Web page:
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  1. #1
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    Cable housing cutter

    What is a good cable housing cutter? I used a klein cable cutter on shifter cable housing and did not like the result. When I get a new one which cable housing cutter should I get?
    fesch
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  2. #2
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    Felco are probably the best. Park/Pedros ones are fine.

  3. #3
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    Dremel.
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    What luck for rulers, that men do not think - Adolf Hitler

  4. #4
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    Quote Originally Posted by SteveUK
    Dremel.
    I never liked a Dremel as it creates a lot of heat and can easily melt or warp the housing liner. A good, quality cutter works great.

  5. #5
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    Quote Originally Posted by bad mechanic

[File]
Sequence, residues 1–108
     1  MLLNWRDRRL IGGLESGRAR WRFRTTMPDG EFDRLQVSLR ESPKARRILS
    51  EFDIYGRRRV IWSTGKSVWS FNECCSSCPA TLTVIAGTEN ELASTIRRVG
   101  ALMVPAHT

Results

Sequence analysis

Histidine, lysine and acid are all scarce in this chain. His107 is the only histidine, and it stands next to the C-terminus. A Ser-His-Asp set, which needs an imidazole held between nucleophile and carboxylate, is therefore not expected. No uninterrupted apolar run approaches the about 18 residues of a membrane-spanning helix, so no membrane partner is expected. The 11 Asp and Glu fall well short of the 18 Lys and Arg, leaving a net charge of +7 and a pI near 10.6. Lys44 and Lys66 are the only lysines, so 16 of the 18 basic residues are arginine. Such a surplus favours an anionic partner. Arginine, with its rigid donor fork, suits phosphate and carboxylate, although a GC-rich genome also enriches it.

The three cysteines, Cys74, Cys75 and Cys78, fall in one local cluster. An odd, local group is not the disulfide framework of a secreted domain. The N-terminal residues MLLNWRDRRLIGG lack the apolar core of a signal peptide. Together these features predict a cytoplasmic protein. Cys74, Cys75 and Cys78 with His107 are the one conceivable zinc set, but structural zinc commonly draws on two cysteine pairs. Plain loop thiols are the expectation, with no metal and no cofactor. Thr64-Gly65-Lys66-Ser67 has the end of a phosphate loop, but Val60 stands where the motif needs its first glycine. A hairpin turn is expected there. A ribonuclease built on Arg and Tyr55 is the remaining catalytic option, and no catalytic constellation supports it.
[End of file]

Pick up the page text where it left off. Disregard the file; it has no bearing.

I never liked a Dremel as it creates a lot of heat and can easily melt or warp the housing liner. A good, quality cutter works great.
    That's kind of like saying that cutters are no good because they mash up the cable - they will if your technique is wanting.

    With cutters, the compressed inner liner will need to be opened up with an awl. With a Dremel, the slightly melted inner will need to be opened up with an awl. If the disc is set to its highest speed then it's not going to create enough heat for long enough to damage the cable any more than by using cutters.

    In the case of brake cables, the added advantage of the Dremel is that a perfectly square finish is guaranteed with just one action (if one holds the tool square, of course!), without having to finish the job with a file. The same finish is simply not possible with cutters alone.
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  6. #6
    Birdman aka JMJ
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    I've got a spin doctor (Performance house brand) that seems to work fine, better than anything else in the toolbox, anyway. Got them on sale and don't use them that much, so what the heck.

    JMJ

  7. #7
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    Quote Originally Posted by SteveUK
    That's kind of like saying that cutters are no good because they mash up the cable - they will if your technique is wanting.

    With cutters, the compressed inner liner will need to be opened up with an awl. With a Dremel, the slightly melted inner will need to be opened up with an awl. If the disc is set to its highest speed then it's not going to create enough heat for long enough to damage the cable any more than by using cutters.